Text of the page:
HUMAYUN IS KING AT 23. He knows he must tread carefully. Considering he has always followed the path of least resistance, staying clear of confrontations is simple. The comings and goings of well wishers serves as a crash course in the inherited support network. Some are more important than others, For now, he tells himself, I don’t think it will send the right signals if I seem to be too eager to please. If anything, it’s the organisation of things that can do with a bit of attention.
He calls his astrologers and goes about sketching out a timetable for how the week should be arranged. Off the record, it follows his rough personal schedule for the last two years. With only minor restructuring and the inputs of senior advisers and astrologers, it firms up to look a bit like this –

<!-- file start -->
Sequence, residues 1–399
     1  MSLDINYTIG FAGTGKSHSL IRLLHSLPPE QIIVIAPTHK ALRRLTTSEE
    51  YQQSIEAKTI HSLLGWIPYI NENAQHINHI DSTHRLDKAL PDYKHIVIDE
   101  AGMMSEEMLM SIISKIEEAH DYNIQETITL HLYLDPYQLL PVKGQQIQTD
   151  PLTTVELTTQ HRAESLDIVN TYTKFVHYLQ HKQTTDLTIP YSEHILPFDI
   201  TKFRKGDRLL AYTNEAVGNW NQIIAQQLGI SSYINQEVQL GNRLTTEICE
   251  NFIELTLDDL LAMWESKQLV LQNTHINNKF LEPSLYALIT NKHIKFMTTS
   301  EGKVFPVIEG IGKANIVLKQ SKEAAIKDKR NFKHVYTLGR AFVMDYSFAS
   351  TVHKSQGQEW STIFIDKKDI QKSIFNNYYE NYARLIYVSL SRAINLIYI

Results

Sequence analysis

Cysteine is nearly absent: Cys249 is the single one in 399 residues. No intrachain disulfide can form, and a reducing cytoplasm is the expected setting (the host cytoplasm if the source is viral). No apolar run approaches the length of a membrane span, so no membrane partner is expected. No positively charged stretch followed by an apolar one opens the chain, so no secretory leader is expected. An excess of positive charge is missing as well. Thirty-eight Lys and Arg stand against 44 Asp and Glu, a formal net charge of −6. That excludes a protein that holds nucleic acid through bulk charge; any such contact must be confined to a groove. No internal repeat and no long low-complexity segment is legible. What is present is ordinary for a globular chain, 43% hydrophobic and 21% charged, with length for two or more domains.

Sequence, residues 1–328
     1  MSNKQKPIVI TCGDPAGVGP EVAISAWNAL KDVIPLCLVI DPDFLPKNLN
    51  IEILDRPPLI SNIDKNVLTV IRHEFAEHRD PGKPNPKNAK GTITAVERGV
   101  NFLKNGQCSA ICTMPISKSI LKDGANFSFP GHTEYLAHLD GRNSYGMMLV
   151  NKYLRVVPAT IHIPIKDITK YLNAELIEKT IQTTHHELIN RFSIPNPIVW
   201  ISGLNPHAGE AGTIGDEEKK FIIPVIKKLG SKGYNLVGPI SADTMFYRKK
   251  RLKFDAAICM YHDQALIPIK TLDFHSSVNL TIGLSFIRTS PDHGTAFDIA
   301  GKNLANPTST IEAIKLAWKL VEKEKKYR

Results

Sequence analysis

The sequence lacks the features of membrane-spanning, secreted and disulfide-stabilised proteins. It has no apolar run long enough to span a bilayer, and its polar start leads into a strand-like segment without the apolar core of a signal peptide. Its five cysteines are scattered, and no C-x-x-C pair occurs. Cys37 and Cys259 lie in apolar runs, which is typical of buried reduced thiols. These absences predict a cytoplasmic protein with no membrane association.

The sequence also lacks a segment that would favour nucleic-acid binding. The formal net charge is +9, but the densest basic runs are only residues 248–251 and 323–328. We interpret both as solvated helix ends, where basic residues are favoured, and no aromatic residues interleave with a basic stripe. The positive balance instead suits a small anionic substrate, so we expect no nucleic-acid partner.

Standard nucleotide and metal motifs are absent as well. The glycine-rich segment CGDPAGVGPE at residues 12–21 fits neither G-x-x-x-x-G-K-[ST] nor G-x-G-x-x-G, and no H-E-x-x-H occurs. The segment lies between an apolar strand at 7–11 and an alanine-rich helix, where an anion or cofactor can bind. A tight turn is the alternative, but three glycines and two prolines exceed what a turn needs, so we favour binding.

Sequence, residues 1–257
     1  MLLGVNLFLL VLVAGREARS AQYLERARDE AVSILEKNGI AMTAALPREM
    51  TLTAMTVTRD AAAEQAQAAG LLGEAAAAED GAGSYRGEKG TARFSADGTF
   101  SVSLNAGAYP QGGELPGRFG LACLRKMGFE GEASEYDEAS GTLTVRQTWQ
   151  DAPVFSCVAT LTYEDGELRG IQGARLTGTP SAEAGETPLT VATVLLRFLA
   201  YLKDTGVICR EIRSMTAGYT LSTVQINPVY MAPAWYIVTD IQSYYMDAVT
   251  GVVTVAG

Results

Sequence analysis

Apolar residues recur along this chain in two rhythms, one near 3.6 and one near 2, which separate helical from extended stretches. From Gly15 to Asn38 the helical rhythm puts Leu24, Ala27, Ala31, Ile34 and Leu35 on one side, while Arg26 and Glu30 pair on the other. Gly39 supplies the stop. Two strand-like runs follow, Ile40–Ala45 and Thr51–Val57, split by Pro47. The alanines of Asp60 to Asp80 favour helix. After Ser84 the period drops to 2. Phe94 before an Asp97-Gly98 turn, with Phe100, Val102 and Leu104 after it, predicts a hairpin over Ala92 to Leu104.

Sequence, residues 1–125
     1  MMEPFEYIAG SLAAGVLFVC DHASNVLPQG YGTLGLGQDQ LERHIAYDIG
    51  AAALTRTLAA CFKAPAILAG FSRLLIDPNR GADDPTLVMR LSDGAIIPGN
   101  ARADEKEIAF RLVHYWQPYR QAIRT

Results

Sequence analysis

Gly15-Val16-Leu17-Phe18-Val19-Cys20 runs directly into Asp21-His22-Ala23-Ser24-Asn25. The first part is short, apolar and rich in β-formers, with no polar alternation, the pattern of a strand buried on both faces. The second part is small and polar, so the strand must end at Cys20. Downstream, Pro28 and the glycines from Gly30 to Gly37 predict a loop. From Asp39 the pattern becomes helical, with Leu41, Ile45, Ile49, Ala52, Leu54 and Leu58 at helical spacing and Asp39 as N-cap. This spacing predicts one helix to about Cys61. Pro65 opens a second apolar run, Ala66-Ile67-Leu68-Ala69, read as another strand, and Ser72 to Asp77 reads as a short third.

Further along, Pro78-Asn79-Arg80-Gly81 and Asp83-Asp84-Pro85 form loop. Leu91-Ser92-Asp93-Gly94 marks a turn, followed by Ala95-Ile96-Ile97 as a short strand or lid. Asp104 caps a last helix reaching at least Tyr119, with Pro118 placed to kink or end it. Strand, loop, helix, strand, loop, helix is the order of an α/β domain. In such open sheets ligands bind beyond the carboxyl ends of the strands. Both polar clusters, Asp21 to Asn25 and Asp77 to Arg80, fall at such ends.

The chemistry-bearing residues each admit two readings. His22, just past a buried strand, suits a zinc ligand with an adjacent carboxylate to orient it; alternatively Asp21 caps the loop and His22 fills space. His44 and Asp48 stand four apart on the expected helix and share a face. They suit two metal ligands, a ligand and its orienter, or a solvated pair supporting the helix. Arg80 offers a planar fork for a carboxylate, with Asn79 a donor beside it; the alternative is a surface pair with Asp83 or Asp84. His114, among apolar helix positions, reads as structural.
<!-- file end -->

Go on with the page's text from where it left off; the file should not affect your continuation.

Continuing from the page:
Saturdays & Thursdays: Give audience to the literary and religious guests; Sundays & Tuesdays: Receive state officials, look to management of government affairs; Mondays & Wednesday: Pleasure; parties.
He is also considering commissioning appropriate courts for his audiences. Before any of this however, he fulfills a long held dream of fixing an official day for a Mystic Feast (it will be held on the anniversary of his accession) and drawing up plans for an appropriate house for the feast, preferably on the banks of a river. Blueprints for the Mystic House are drawn up within months of Humayun’s accession and construction begins shortly after.
Next post -> MYSTIC HOUSE, MYSTIC FEAST
Centuries later it will be said that Humayun didn’t leave much of an architectural legacy. Truth could well be that his might have been the most astonishing, built as it was, with the intention of being packed up. Humayun’s imagination leads him to commission some of the most fanciful but fleeting creations of any in the Mughal line: a movable palace, a movable bridge, a floating market, a dismantable pavilion (Tent of Twelve Signs) with adjustable configurations.